What Does the Arch of Titus represent?

There are only two arches left that exist as remnants of the Roman Empire. The Arch of Titus is one of them – do you know the story behind it?

The Arch of Titus dates back to the 1st century AD and was erected by Domitian in 81 AD. Located on the Via Sacra in Rome, the monument stands just south-east of the Roman Forum. The arch is a popular tourist attraction for its rich history and grand structure. Towering over its surroundings, the arch contains panels which depict the triumphal procession celebrated in 71 AD after the Roman victory culminating in the fall of Jerusalem, and provides one of the few contemporary depictions of artefacts of Herod’s Temple. 

The History of the Arch of Titus

Emperor Domitian was Roman Emperor from 81 to 96 AD and was the last ruler of the Flavian dynasty which had included his father Vespasian and elder brother Titus. He continued the restoration work of his predecessors and family, and also strengthened the economy by revaluing the Roman coinage. The first project of his 15-year reign was commissioning a tribute to his brother Titus to commemorate his success in the Jewish War. This tribute was named the Arch of Titus. Based on the style and sculptural details of the arch, scholars believe Domitian favoured architect Rabirius for the task who also designed the massive Flavian Palace on Palatine Hill and the Alban Villa at present day Castel Gandolfo. Located on the highest point of the Via Sacra, Domitian created the Arch along the busiest street of ancient Rome to depict how important this past emperor and victory was. Throughout time the arch has remained a longstanding structure, even surviving the fall of Rome in the 5th century. However, the arch underwent a repair in 1817 due to the slow deterioration of the exterior columns and outer decoration.  

The Decoration of the Arch

The arch was constructed using Pentelic marble, with the original inscription on the east side of the arch still in situ, although originally the letters would have been inlaid with gilded bronze. It reads: “The senate and people of Rome, to Divus Titus, son of Divus Vespasian, Vespasian Augustus”. The use of ‘divo’ before Titus’s name is to signify that the arch was erected after his death. Unfortunately, there is no inscription hinting to who constructed the arch, with the architect remaining unknown. With only a single opening the arch is smaller and more modest in its decoration than other surviving arches, and its decorative sculptures have not aged well. Nevertheless, one can still see the significance of some of the sculpture scenes, most notably the side panels. One of the panels shows the start of Titus’ 71 AD victory procession as it passes through the Porta Triumphalis to the Forum Boarium with the participants carrying booty from the Temple of Jerusalem after the sacking of the city. The other panel shows Titus riding a four-horse chariot and being crowned by a personification of Victory. The goddess Rome stands in front, holding the bridle of one of the horses. Illustrating scenes of actual happenings, fictional events, and symbolism. Majority of the images illustrate the defeat of the Jewish people, depicting Titus as a divine god-like person heading towards heaven.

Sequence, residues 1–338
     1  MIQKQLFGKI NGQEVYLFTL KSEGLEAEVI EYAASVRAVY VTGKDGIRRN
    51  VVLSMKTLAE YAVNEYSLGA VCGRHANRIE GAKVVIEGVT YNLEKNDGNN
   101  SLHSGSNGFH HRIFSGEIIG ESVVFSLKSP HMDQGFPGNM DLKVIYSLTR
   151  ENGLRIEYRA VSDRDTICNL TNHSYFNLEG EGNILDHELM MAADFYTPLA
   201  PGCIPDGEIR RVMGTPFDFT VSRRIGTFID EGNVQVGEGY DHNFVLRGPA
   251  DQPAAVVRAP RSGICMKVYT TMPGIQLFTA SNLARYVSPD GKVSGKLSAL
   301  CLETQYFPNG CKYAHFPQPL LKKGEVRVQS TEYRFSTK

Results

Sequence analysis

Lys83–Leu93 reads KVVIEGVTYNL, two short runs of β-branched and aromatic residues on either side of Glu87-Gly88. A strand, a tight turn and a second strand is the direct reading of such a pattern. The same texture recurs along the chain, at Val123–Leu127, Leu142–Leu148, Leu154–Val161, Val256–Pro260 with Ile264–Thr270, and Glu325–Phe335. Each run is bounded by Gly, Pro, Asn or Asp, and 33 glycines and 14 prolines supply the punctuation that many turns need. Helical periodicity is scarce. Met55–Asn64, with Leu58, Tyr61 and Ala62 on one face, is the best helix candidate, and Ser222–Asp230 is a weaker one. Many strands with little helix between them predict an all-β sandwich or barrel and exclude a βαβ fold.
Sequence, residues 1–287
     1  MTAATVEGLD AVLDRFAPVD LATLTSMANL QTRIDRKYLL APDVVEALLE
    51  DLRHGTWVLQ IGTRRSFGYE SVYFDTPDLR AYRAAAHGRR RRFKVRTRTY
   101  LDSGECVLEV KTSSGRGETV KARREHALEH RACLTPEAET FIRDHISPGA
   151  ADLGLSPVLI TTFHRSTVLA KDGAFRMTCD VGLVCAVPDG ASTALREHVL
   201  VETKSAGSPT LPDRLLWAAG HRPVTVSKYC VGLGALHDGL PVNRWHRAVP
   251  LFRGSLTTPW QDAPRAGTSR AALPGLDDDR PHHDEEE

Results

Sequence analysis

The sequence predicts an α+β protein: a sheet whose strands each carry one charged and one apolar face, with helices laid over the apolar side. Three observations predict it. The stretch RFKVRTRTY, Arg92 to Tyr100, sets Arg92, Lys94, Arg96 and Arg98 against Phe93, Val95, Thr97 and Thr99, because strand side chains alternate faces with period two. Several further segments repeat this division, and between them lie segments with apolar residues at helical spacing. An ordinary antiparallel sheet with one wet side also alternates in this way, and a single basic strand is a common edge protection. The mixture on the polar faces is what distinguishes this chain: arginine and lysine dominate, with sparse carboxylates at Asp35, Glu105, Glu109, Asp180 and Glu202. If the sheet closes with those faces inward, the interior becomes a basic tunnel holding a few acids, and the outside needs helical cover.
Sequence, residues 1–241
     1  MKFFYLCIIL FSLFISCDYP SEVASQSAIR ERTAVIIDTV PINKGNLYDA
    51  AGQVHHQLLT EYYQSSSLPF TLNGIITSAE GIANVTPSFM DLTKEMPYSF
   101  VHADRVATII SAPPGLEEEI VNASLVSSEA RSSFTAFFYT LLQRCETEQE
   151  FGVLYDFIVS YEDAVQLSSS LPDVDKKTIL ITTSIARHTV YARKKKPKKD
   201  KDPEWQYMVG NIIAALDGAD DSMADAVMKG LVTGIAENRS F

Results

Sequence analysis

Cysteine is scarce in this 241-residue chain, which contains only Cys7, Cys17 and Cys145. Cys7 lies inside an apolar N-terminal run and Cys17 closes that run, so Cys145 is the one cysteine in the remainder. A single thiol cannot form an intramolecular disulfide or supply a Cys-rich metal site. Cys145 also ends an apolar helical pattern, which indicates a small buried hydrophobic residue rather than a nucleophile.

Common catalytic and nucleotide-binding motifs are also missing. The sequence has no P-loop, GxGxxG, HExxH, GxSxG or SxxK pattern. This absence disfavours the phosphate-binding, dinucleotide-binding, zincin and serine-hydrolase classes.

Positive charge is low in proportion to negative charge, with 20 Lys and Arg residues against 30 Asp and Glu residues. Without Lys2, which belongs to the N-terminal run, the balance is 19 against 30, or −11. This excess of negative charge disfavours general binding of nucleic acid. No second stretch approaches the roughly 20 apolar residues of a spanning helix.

The significant of the Arch

The Jewish-Roman wars were a series of large-scale revolts by the Jews against the Roman Empire between 66 and 135 AD. Fought in Roman-controlled Judea, the revolts resulted in the destruction of Jewish towns, the displacement of its people and the appropriation of land for Roman military use. Titus managed to breach Jerusalem, when the city’s walls began to fall, ransacking and burning the entire city. This shows how the arch is not only a memento to Emperor Titus, but also a political and religious statement. It symbolises the final episode of the destruction of the Jerusalem Temple. With many illustrations on the arch depicting the parade of treasures, the Romans took from the temple of Jerusalem into Rome. As well as many more symbolising its final destruction. The two panels described above are also significant in history for their development of Roman art, as they are the first full attempt by Roman sculptors to create the illusion of space. This is successfully achieved in the arch in several ways; first by receding the background figures gradually into the distance, with the central figures carved higher than those on the edge. 

Where to see the Arch of Titus

Having been around for thousands of years the arch has since undergone restoration work since its initial construction. The majority of which was carried out in the 19th century, in particular, on parts of the piers and attic which were built using travertine limestone. In fact, the whole arch was dismantled and reassembled piece by piece so as to best preserve this piece of ancient architecture. Venture down to the heart of the Roman Forum to see the Arch of Titus for yourself. With an array of other attractions, including the funeral altar of Julius Caesar, the House of Vestals, as well as the Curia. The forum has no signs or information sections, so your best bet is to travel with a local guide so they can inform you of all of Rome’s secrets! 

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